Jahn Edlebi and his wife Souad Bitar moved to Sylvan Lake as refugees in 2018. Submitted photo

Jahn Edlebi and his wife Souad Bitar moved to Sylvan Lake as refugees in 2018. Submitted photo

Syrian refugee couple shares pride in calling Canada home

Jahn Edlebi and Souad Bitar thank Sylvan Lakers for help with transitioning to life in foreign land

Having fled war to find refuge in Sylvan Lake, a Syrian couple shares pride in calling Canada their new home.

Jahn Edlebi and his wife Souad (Sousou) Bitar transitioned from living in refugee camps to life in a small Albertan town as part of the 2018 Sylvan Lake Refugee Project.

They were one of four families to be privately sponsored by the community. For the first year, the project covered all needs of the families including housing, bills, language lessons and clothing, among any other support.

“They consider us as a part of their family,” Edlebi said. “People treat us the way they treat themselves. This country is great because of its people.”

With the escalation of the Syrian civil war to an armed conflict in 2012-13, Edlebi and Souad, similar to thousands of others, made the difficult decision to move out of their homeland. Increased inflation caused further struggles with basic life needs such as groceries and resources to keep warm.

Originally working as a lab technician for a hospital in Aleppo, Edlebi left for Lebanon in December of 2013. Expecting the war to be short-lived, he had plans to return to Syria in no time.

“I love my country and had never imagined one day I would move out”

Edlebi ended up spending five years as a refugee in Lebanon.

Seeing no signs of de-escalation for over two years, Bitar, who had been living with her brother in Venezuela since 2011, decided to finally join Edlebi to start a life together.

Through common contact, Edlebi got in touch with Sylvan Lake resident Onsy Tawadrous, who spearheaded the refugee project. The couple arrived in Canada in 2018 and were welcomed by the community of Sylvan Lake with open arms.

From language and cultural barriers to working a full-time job in the country, the couple have come a long way.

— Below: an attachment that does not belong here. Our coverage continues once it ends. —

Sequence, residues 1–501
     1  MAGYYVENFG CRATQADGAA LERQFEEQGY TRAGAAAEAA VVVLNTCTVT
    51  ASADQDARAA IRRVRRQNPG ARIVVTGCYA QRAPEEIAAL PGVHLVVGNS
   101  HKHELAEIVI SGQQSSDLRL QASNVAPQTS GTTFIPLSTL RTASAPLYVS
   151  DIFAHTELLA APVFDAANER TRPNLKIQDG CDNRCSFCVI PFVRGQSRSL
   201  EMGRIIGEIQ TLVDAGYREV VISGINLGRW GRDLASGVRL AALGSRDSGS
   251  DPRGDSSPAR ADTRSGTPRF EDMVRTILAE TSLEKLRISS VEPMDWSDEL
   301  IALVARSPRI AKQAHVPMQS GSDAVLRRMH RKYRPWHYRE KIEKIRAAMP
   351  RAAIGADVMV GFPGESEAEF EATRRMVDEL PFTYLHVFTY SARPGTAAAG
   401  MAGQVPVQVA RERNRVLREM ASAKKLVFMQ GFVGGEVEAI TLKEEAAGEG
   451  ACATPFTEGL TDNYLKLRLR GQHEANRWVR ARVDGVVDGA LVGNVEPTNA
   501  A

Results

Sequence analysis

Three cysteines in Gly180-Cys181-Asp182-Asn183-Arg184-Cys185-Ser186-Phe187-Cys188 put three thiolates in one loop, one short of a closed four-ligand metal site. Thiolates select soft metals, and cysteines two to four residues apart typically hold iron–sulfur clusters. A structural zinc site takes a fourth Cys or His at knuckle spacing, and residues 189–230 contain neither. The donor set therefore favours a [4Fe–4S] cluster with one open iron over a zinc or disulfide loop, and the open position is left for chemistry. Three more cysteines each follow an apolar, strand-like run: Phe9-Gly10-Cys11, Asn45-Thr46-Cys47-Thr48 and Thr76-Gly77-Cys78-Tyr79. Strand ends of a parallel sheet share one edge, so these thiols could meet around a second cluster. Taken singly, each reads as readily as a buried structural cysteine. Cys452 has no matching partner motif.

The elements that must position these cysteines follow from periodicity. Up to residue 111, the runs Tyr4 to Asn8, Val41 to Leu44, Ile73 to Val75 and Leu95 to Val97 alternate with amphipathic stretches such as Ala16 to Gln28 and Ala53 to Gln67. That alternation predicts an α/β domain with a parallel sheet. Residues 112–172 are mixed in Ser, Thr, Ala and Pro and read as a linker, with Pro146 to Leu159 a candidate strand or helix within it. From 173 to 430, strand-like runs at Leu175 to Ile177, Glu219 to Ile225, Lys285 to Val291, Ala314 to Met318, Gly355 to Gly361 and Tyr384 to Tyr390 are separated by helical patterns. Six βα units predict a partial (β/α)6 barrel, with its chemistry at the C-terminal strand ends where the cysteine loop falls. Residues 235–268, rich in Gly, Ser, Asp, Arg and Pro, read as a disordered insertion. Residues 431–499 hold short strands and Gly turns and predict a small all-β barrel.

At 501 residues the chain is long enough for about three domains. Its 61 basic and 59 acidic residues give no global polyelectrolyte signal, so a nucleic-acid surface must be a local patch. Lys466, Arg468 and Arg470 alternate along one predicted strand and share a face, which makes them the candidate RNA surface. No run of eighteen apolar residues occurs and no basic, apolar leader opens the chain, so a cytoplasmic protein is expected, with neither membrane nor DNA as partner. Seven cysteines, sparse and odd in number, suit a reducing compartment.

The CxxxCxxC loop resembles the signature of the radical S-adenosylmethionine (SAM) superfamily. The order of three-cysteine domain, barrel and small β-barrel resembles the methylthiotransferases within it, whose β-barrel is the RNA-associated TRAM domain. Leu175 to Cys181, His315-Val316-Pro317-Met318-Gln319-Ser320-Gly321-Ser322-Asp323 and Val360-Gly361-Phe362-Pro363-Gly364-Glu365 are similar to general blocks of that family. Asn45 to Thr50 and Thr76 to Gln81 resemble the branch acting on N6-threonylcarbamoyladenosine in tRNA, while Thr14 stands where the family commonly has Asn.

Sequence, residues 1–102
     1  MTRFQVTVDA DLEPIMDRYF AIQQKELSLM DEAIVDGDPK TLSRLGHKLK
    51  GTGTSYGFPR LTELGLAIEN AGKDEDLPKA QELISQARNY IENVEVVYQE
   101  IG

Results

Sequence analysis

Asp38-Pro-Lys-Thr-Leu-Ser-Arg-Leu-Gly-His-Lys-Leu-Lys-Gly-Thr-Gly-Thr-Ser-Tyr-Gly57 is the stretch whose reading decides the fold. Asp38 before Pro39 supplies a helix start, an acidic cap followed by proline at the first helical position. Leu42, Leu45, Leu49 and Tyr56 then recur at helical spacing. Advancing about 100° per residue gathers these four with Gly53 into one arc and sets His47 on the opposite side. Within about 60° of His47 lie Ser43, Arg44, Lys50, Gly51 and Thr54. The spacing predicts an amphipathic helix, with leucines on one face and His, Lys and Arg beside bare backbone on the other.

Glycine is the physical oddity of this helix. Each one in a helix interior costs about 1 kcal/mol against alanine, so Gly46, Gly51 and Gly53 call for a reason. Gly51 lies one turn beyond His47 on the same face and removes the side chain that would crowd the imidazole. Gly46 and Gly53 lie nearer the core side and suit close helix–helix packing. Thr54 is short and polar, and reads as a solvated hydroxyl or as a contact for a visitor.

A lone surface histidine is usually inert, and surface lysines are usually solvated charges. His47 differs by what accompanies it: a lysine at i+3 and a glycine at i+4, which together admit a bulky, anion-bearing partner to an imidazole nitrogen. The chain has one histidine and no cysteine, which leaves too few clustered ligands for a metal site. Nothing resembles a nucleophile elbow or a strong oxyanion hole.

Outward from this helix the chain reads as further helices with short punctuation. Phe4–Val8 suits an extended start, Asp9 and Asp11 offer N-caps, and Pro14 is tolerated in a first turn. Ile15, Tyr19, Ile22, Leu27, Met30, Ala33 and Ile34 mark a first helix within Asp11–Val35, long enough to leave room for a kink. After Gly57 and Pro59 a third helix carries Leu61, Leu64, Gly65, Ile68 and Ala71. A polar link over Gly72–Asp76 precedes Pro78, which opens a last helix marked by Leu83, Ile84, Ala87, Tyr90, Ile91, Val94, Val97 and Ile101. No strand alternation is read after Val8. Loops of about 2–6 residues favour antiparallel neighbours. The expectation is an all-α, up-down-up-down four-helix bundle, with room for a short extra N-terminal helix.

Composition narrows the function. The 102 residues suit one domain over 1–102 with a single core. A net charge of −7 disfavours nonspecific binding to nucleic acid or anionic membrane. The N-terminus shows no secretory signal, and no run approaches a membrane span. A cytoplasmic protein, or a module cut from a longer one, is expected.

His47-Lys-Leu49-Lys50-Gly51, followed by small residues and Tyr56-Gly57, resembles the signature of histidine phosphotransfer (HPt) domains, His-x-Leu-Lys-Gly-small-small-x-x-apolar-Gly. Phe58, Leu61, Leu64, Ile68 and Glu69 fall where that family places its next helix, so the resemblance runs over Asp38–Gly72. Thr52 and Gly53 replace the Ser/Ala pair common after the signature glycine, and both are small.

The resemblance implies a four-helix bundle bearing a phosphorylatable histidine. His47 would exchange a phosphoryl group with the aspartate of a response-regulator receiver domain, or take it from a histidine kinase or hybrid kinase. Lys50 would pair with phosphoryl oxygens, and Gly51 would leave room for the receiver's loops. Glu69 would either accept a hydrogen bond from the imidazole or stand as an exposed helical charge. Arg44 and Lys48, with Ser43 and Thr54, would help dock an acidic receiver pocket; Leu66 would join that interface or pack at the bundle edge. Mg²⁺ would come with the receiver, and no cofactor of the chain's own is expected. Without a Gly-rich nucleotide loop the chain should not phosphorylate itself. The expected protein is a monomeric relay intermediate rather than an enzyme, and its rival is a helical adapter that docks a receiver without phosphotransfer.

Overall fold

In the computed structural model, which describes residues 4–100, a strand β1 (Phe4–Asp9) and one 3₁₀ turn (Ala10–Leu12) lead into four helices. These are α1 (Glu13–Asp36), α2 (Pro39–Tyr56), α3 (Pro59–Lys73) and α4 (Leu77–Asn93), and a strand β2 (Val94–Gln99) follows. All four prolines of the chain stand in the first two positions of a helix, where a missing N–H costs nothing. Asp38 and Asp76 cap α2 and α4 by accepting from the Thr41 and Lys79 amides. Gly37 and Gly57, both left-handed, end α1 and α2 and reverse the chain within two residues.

“The people understood that we were going to have those barriers and tried to explain everything with patience. It took us time to understand the environment that we are living in right now.”

When venturing out for his first walk around town, Edlebi found himself lost among what he felt was an endless row of identical houses. It took him two hours to find his home, which was just a few minutes away.

They later learned about the system of street names and house numbers.

“It’s very easy right now. But at first, when we arrived, it was a big problem for us to understand such information.”

Edlebi was enraptured by the kind and polite nature of the locals.

“It’s very nice to have someone say hello to you and smile.”

Through community support, Edlebi eventually landed a part-time job at the Sylvan Lake Canadian Tire that helped him hone his communication skills. Within months, he was hired as a full-time employee.

After three years of working for the organization and with some health issues around lifting heavy items, Edlebi found a part-time job at a pizza store in Red Deer. Enjoying working in the food industry, he started working full-time at the pizza store and also found a second part-time job at Subway.

Bitar started working part-time at Subway as well, but is now hoping to work for a daycare or as a babysitter instead.

The couple has recently applied for their citizen status.

“I am proud to be a part of this country. This country gave me something I could have never imagined.

“As a person who comes from a different side of the world, I want to mention that Canada is a great country and has a lot of blessings for all the citizens here. This blessing should be appreciated.

“The freedom to speak, to think, move, and express yourself the way you are.

“It’s a great country.”